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Preface: The Irving and Jeanne Glovin Award

George Mencher

Image: Irv Glovin and Oskar Schindler on the beach in Tel Aviv, Israel (circa 1972)

Irv Glovin (L) and Oskar Schindler on the beach in Tel Aviv, Israel (circa 1972)

Irving (Irv) Glovin was my uncle, my mom’s younger brother. The first time I remember him was July or August of 1944. He was a student at Columbia University in NY, and he had just learned he had been drafted. World War II was on everyone’s mind. The D-Day landings had occurred in Europe, Casablanca had won the Academy Award for best picture, and on April 4th, the world had first heard of Auschwitz via aerial photos taken by a British aircraft. By November 1944, Irv was a Lieutenant in the US Army. He was what they called “a 90 day wonder”: college to army commission in just over 90 days after reporting for the draft. He was soon on his way to Europe. When his unit arrived they were inexperienced and untested. In an effort to give them time to “learn” they were sent to what was considered the safest part of the American lines, a patch of forest in Belgium called the Ardennes. No one knew the Nazis were planning a counter attack. And so, this green and untested unit became the first US force to have contact with German Panzer divisions thrusting into the Allied lines at a fight which became known as the Battle of the Bulge. It was here that US Gen. McAuliffe uttered the immortal word “Nuts” to a German offer to surrender. It was here that GenGeorge Patton drove his tanks to an amazing rescue of the armed forces in Bastogne. It was here that Irv became a German prisoner of war within days of landing in Europe. Being Jewish, Irv was a prime candidate for execution by the Nazis. He was forced to use the dog-tags of a fellow soldier who had been killed in action. So, our family received a telegram saying that he was “Missing in Action” as he had literally disappeared. Irv remained in the camp for nearly a year, eventually being moved to Germany itself and ultimately freed by a Russian infantry unit. According to Irv, the commander of that unit pointed west and told all the prisoners – “Americanskis – Go.” By that time, the war in Europe had ended and so it was much safer to be wandering through Germany. He made contact with US troops at a place called Dachau which had been liberated by the Japanese-American Nisei division, one of the most decorated groups of men ever to fight for the United States – many with relatives who had been in internment camps at home.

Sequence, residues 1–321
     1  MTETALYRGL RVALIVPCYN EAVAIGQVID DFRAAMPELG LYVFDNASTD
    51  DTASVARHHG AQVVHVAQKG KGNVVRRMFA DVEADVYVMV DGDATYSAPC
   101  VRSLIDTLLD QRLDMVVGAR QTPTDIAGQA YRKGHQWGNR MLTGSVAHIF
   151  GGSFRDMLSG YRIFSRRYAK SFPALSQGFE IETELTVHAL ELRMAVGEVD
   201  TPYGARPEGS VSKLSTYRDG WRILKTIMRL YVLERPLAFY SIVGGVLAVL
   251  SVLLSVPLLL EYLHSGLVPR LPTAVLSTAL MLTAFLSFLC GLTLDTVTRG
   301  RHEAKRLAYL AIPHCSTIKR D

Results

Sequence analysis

Having been at Dachau, Irv had seen firsthand what the Holocaust meant. When he returned to the US in mid-1945 to be discharged, he and his wife Rhea left New York and went west, where he enrolled in the University of Southern California Law School. Rhea was an artist and quickly got a job working for Looney Tunes studio drawing the gelatin cells used in making cartoons in those days. Two children and several years later, Irv had opened a law practice in Brentwood, a city just on the edge of Hollywood, allowing him to make excellent contacts with the film community. Sadly, Rhea developed a virulent form of breast cancer and passed away. Irv continued his law practice and worked hard to raise his family. He met and married Jeanne Kallen, an actress involved in stage, TV and movies.

 

As his life and law practice was progressing, the German government realized it had a debt to many people, and so it began to pay repatriations to survivors of the Holocaust who had lost families and property. Several of them now lived in the U.S. and approached Irv to represent them in their claims against Germany. One name kept coming up as a person he should contact – and that name was Oskar Schindler.

 

Oskar Schindler was a Nazi. He was an alcoholic. He was a womanizer. He bribed his way through business. He seemed to represent all the negative sides of humanity. But as Irv said of him:

“He drank, yes, he drank. He liked women. He bribed. But he bribed for a good purpose. All of these things worked. If he were not this kind of person he probably wouldn’t have succeeded. Whatever it took to save a life he did. He worked the system extraordinarily well. He was a true human being in the best sense of the word.”

 

Most of us are aware of what Oskar Schindler did. But for those who are not, suffice it to say that he owned a factory in Krakow, Poland which used Jewish slave labor from a nearby concentration camp. Through his efforts, a list of names was developed from his factory workers and other prisoners in the camp (“Schindler’s List”), which saved over one thousand Jews from the Holocaust and from extermination at Auschwitz.